ATLANTIC CITY — The old Trump Plaza Casino at the center of the Boardwalk will be imploded, officials said Thursday.
The casino hotel has been vacant since 2014, and the city has long sought its demolition, especially as pieces of its facade were falling to the ground and, more recently, onto the Boardwalk in high winds.
The property is owned by billionaire Carl Icahn, who submitted a plan calling for imploding the casino and its tower by June 2021 after the city went to court seeking an emergency order. The city wants the property down sooner, Mayor Marty Small Sr. said.
Small said the plans call for complete implosion of both towers, sparing only the parking lot and the separate Rainforest Cafe.
“The plans are for them to implode both towers, bringing the building down,” Small said during a news conference outside the building. “The only thing we have to work on is the timeline.”
Small said the June 2021 date is unacceptable, as it’s during the city’s busy season. The city wants the implosion to take place by the end of 2020 or by February, in time for a full cleanup before next summer.
Trump Plaza, which then-casino mogul Donald Trump opened in 1984 to acclaim, was one of four casinos to close in 2014, when the city’s finances were themselves imploding. Two casinos have reopened, Hard Rock Atlantic City in the old Trump Taj Mahal, and Ocean Casino in the old Revel.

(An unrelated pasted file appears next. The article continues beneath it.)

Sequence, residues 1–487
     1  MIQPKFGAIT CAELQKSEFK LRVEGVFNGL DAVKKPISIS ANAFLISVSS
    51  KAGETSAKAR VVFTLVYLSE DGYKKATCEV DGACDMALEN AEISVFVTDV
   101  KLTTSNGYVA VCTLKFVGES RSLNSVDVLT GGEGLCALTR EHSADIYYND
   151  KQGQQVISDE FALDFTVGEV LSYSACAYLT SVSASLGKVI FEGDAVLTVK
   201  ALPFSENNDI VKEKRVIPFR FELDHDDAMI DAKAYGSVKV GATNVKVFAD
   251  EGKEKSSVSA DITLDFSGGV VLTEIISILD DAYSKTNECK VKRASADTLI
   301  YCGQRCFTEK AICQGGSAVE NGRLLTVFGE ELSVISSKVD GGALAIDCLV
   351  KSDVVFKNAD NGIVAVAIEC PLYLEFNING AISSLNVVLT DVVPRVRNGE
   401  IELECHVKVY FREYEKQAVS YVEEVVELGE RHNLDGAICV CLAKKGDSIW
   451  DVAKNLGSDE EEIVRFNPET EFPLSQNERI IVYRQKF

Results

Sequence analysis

Trump had no stake in the property at the time of its closure.
All nine of Atlantic City’s casinos have been shut down since March 16 because of coronavirus restrictions, but there has been talk of a reopening by July Fourth.
Small said the city would work with Icahn or any future owner of the property on developing the land, which aligns with the end of the Atlantic City Expressway. He said the city would like to take over the management of the parking lots.
“If there’s an opportunity to get revenue, no matter how small, we’re going forward,” he said.
Small said initial estimates for the demolition, for which Icahn will pay, were around $14 million, but he expected the costs to be more than that for just the implosion. He said public financing, which Icahn had sought, “was not a part of the equation.”